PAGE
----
Dechen Norbu wrote:
WARNING: Operation players are NOT real doctors!
Angelic Fruitcake wrote:I am going to try a meditation meeting at a local zen-center under Thich Nhat Hahns order. But as much as I think I would enjoy mmeting the man himself, I worry I'll feel alienated among the followers. That happens quite often, even with the most well-intended people.
Angelic Fruitcake wrote:Hello all,
I have a problem. I have come to understand that many consider it a bad idea to try the buddhist path without a teacher. However, the number of teachers in any given order are very few here. My problem is I have difficulties connecting with other people and often feel uncomfortable or distressed in the company of strangers. It's very rare for me to find somebody I feel I can trust, and from what I gather this is absolutely essential when choosing a teacher.
I think it may be diccifult to understand for someone without my condition (I have Asperger's, a mild form of autism). But given what I've told you, what would you suggest? The reason I find it difficult to trust people is mainly that it's difficult for me to detect when someone is insincere and I have difficulties understanding hidden agendas. But more than that, I am both physically and mentally repelled by most people. I prefer them from a distance, I often feel invaded by others. Since meditation practice and following the buddhist path would open up the very core of me, I am afraid I would not be able to handle ending up with the wrong teacher. In fact, just the process of visiting local centers and talking to teachers makes me break into a cold sweat,
Angelic Fruitcake wrote:Thank you for your words of encouragement. I have no intent of diving into complicated sutras about tantra and such. I'm solely focused on the eightfold path and mindfulness meditation. I will keep reading and see if any particular lineage appeals to me enough that I will go look for a teacher.
"The Heart of the Buddhas Teaching"
Angelic Fruitcake wrote:HH Dalai Lama's book on Dzogchen.
Thrasymachus wrote:I feel much the same as the topic starter. I never felt like I belonged to this world, to American society, to capitalist society. I don't like the company of most other people. Since I discovered Buddhism in 2008 via books it made me change my life. It made me stop doing drugs, contributed to my going vegan and want to avoid other non-virtuous activities. It made me realize that most other people are toxic, negative influences. It is like they say in Buddhist teachings, humans have much more potential than to just seek pleasure and avoid pain, even animals can do that. However if you look at your immediate environment, unless perhaps if you are in a monastery, everyone just seeks out greed, hedonism and to avoid what is unpleasant. It is not a very inspiring example, it drags you down closer to their level even if you want to seek a more virtuous path you just get discouraged.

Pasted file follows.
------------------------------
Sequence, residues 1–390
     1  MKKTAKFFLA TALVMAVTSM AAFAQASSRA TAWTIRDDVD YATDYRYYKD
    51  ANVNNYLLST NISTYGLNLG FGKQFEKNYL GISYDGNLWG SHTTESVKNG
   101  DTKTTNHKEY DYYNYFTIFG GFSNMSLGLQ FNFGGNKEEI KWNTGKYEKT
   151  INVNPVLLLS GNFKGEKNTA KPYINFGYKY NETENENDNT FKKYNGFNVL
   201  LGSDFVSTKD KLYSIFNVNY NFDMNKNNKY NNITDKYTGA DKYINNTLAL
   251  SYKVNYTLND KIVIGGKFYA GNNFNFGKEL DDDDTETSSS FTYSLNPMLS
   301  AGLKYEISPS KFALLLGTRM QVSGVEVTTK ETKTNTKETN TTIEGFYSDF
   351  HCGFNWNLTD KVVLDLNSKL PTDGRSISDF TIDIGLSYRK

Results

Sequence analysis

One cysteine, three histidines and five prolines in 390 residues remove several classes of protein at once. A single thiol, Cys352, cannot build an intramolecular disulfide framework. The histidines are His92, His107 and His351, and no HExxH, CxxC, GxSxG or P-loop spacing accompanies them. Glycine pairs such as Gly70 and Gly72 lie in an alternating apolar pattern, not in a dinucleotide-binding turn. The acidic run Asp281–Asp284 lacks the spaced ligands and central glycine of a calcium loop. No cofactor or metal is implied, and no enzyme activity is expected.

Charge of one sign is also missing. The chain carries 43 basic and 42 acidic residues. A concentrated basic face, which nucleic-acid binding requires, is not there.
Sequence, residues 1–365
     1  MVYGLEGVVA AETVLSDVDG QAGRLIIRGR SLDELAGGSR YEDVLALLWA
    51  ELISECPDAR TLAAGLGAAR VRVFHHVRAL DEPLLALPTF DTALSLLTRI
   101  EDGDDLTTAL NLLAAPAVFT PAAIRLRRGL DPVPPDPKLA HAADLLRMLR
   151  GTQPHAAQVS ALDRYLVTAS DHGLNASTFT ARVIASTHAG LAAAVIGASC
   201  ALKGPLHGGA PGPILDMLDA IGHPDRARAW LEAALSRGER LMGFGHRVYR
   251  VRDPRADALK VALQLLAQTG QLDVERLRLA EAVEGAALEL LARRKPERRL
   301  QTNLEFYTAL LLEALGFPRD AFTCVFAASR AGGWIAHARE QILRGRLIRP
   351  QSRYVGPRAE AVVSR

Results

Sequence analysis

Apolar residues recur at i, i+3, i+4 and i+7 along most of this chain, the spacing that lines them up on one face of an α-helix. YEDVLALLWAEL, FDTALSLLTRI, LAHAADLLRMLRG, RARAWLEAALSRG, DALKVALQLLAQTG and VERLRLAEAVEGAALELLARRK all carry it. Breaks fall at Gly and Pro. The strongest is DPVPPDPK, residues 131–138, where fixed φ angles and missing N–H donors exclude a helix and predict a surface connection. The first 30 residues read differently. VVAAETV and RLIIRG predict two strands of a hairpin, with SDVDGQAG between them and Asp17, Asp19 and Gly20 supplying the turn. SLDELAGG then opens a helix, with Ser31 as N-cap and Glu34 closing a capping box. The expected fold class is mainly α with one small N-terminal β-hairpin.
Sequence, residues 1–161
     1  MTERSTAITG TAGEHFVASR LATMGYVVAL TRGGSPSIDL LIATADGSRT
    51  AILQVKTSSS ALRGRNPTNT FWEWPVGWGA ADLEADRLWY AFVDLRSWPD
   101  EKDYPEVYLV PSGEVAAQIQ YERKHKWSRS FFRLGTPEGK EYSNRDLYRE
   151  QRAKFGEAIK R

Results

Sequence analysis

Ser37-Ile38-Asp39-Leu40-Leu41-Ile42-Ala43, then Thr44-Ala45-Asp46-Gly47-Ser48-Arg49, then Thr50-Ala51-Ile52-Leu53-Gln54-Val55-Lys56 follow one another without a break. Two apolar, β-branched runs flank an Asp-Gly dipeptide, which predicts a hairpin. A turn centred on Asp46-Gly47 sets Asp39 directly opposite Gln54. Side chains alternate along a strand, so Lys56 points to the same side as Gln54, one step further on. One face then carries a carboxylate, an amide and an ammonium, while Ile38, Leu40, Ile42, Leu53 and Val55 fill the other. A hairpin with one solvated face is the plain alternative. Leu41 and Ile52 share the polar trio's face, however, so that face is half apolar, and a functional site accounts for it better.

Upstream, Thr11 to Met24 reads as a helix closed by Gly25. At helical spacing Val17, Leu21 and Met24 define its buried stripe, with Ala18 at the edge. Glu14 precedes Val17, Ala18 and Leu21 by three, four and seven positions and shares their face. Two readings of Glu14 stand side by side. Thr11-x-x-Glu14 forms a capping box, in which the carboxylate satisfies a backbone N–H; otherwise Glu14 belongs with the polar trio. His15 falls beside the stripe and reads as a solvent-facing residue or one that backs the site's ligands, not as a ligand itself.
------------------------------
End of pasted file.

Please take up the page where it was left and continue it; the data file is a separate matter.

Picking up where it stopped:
However I have done more bogarting, wasting time, reading books, than actual mediation. Partly because my life is more of an existential crisis than something immanently livable and I have lots of negative sub-conscious beliefs, discomfort, and a bad environment. I can only wonder if I was more serious in my practice how different my life would have been. In the beginning of 2011 I went on on a week health retreat and it made me feel alot better while there, because the people there were oriented toward self-improvement and gossip was discouraged. Even though I didn't know those people people I felt much better around them than amongst my own family and so called friends.
I read a little in e-sangha about a Chinese Buddhist monk, Hsuan Hua, who become quite renowned without the benefit of a sangha, recourse to a monastery, or much retreat, but just using his own discipline to meditate in his own village. But I don't think I, or most people are like that, that we can follow his same methods. I realize now that it would be better if I find a sangha and teacher, but it doesn't seem there are many in northern New Jersey where I live. And even if there is one, I intensely don't trust most other Westerners. It seems everyone just centers their life on their relationship to money and vices in their spare time like tv, internet, drugs, alcohol. I wonder can even dharma practitioners be any different? Can they ever overcome the negative karma of the deeds they must make in the name of corporations to procure a living?
Thrasymachus wrote:However if you look at your immediate environment, unless perhaps if you are in a monastery, everyone just seeks out greed, hedonism and to avoid what is unpleasant. It is not a very inspiring example, it drags you down closer to their level even if you want to seek a more virtuous path you just get discouraged.
Mr. G wrote:Split Topic: teknix's Views
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